Let’s leave aside that this skips the relentless advocacy for business by News Corp and The Australian Financial Review itself, and the tens of millions of dollars spent (wasted) every year by business buying “independent modelling” from economic consulting firms confecting arguments for self-interested policies; here’s the policy arm of the party in power in Canberra portraying itself as the hapless victim of “anti-business” warfare. The only thing missing was the portrayal of union officials and the ferals at Greenpeace as “elite”.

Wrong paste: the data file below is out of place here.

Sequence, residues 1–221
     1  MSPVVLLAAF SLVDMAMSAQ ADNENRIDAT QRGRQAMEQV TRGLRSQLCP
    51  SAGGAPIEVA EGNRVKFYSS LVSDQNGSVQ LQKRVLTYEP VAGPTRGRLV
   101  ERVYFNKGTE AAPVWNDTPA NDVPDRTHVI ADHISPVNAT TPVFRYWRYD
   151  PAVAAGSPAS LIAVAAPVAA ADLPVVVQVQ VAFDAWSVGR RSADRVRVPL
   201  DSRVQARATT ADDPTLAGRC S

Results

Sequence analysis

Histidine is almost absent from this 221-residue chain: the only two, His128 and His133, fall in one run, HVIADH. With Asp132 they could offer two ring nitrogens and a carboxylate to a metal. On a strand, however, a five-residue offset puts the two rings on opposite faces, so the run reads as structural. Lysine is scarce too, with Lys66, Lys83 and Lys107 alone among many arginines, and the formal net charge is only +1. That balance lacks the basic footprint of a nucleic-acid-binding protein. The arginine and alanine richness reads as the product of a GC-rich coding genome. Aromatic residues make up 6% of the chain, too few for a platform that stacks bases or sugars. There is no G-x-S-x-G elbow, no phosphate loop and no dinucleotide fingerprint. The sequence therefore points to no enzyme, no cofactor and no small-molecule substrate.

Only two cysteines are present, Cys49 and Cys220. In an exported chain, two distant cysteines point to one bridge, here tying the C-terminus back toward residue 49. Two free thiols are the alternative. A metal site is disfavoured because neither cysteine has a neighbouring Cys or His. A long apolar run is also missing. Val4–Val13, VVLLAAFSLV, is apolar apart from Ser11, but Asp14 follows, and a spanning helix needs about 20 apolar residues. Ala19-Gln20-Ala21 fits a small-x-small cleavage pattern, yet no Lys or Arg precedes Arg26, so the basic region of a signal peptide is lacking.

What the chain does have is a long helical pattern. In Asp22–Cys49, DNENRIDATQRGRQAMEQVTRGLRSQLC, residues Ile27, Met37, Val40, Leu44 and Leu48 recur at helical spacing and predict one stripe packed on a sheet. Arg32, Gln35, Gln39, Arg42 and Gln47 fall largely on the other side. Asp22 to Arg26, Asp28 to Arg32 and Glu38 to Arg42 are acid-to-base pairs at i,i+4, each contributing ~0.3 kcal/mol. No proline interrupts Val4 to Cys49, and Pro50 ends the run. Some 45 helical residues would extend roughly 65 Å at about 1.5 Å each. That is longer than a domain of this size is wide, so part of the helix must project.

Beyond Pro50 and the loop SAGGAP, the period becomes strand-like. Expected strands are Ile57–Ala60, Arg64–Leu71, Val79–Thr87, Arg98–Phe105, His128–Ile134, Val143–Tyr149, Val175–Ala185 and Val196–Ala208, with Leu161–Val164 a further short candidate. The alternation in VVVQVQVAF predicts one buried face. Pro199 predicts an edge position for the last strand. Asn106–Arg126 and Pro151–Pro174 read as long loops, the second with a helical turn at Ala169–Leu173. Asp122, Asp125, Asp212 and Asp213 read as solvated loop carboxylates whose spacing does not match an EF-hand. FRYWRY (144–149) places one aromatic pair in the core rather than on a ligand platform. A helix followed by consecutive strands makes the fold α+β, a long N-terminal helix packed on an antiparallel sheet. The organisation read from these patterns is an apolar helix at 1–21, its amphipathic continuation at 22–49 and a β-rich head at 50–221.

The utter stupidity of Bragg’s claim isn’t really the point — it’s how it reveals the desperate search for victimhood that now preoccupies the right, even when they’re in power. This might merely be a diversionary tactic, of course — what better way to delegitimise your enemies than to co-opt a worldview that portrays them as elites determined to crush common sense — but it’s deeper than this. Because, yes, there has been mild readjustment in society and the economy that means white males are a little less privileged than we were before, that curbs reflexive discrimination against women and non-white and non-heterosexual people, that applies to us — albeit only a little more — the basic standards that we purport to apply to everyone else.